Wednesday, May 05, 2004
Sandvine Threat Advisory : Sasser Worm Poses Risk to Service Provider Networks
Options Exist to Mitigate Worm's Impact and Protect the Internet Experience for Broadband Subscribers
Waterloo, Ontario; May 5, 2004 -- Sandvine has analyzed the impact of the newly discovered W32/Sasser.worm.d worm from an ISP perspective and developed strategies to mitigate it's effect on public networks.
THREAT ASSESSMENT FOR SERVICE PROVIDERS: Medium
IMPACT ON SERVICE PROVIDER NETWORKS: Most of the malicious traffic generated by Sasser and its variants occurs during attempts to identify vulnerable hosts. The worm scans for hosts by sending SYN packets to random IP addresses on port 445. This approach was intended to allow the worm to spread quickly inside enterprise networks, but also to facilitate rapid infestation across the Internet. Sandvine estimates that an individual subscriber could generate up to 230 Kb/s of malicious traffic associated with this worm, but variants such as Sasser.C have been designed to scan at much higher rates. Sasser.c has not significantly impacted the network at this point.
Sandvine first detected the Sasser worm using its Worm/DoS Traffic Mitigation (WDTM) platform, which identified a sharp increase in address scans on port 445. Scans on port 445 have roughly doubled since Sasser was first released. The total rate remains relatively low as of this alert and some of the malicious traffic on port 445 is caused by several other still-active worms.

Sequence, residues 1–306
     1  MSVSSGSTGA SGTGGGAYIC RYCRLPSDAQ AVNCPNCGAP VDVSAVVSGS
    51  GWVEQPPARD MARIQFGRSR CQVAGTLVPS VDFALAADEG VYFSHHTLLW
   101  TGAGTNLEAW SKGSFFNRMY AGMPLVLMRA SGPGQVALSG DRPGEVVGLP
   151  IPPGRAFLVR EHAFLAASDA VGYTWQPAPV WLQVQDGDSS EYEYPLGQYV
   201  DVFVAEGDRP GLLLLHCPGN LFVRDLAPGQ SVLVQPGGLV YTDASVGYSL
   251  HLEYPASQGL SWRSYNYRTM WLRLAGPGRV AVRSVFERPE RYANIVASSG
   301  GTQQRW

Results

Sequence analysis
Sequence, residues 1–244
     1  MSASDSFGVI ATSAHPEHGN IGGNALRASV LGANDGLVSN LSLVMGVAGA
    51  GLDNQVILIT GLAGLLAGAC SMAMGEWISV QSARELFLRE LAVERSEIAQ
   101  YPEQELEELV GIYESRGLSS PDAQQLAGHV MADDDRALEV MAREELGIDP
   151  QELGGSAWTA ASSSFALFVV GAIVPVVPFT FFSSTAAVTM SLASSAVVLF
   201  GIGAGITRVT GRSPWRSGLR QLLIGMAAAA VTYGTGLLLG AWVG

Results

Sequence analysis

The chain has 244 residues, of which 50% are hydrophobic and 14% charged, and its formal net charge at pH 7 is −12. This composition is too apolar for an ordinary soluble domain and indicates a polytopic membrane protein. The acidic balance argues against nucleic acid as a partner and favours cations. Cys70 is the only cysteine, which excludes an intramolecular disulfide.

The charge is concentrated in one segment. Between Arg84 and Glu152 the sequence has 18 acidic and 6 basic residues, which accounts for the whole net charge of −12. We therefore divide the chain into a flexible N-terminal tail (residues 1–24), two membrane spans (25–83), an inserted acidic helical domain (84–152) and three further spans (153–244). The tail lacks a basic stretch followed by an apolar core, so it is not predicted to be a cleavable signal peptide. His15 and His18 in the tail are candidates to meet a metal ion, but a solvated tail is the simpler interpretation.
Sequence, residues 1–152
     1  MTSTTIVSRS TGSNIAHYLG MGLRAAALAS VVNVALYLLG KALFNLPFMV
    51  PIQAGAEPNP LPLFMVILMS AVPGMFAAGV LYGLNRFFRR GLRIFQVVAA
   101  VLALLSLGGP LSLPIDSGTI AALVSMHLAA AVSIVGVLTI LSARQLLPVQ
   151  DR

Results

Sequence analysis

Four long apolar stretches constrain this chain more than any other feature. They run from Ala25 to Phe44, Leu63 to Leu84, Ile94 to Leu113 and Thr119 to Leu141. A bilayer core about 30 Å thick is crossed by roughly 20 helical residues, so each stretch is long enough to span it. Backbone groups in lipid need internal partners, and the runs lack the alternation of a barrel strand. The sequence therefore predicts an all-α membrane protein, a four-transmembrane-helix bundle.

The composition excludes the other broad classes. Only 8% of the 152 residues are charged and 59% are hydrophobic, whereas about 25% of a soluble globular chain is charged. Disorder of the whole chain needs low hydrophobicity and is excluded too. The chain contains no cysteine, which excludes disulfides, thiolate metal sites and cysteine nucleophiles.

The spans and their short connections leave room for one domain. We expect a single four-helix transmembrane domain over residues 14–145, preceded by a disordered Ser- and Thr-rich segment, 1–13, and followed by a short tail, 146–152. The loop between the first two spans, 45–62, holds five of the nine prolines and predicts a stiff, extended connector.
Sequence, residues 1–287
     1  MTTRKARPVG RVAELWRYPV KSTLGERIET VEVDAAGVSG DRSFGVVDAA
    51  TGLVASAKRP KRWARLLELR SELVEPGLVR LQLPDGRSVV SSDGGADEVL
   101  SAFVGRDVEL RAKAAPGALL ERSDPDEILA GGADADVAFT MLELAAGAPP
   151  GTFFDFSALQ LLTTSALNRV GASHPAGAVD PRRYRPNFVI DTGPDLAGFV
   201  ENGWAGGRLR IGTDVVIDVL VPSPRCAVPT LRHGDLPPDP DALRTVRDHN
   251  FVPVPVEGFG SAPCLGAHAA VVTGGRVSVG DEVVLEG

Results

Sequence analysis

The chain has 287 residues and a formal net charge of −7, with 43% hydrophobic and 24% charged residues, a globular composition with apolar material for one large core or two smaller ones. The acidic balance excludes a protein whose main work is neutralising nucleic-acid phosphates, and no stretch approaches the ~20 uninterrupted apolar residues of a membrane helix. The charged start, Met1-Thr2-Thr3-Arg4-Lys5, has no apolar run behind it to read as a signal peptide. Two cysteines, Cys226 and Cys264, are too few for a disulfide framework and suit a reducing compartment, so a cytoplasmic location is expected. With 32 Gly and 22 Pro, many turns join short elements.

SERVICE PROVIDER OPTIONS: Sandvine Customers that have implemented mitigation via the WDTM module have been countering the spread of the Sasser worm since May 2, 2004 and need take no further action. All major stages of the attack have been contained. Other recommended options to prevent the worm from spreading or consuming bandwidth include:
* Blocking all port 445 traffic
* Blocking packets to port 9996 that match the Sasser worm's pattern
* Blocking packets to port 5554 that match the Sasser worm's pattern
* Ensuring signature files for subscriber anti-virus software are complete
* Taking actions associated with Microsoft Security Bulletin MS04-011
See also US-CERT vulnerability note VU#753212 for more information on signature recognition (http://www.kb.cert.org/vuls/id/753212)
Analysis performed by Sandvine Security Operations Services, May 2004.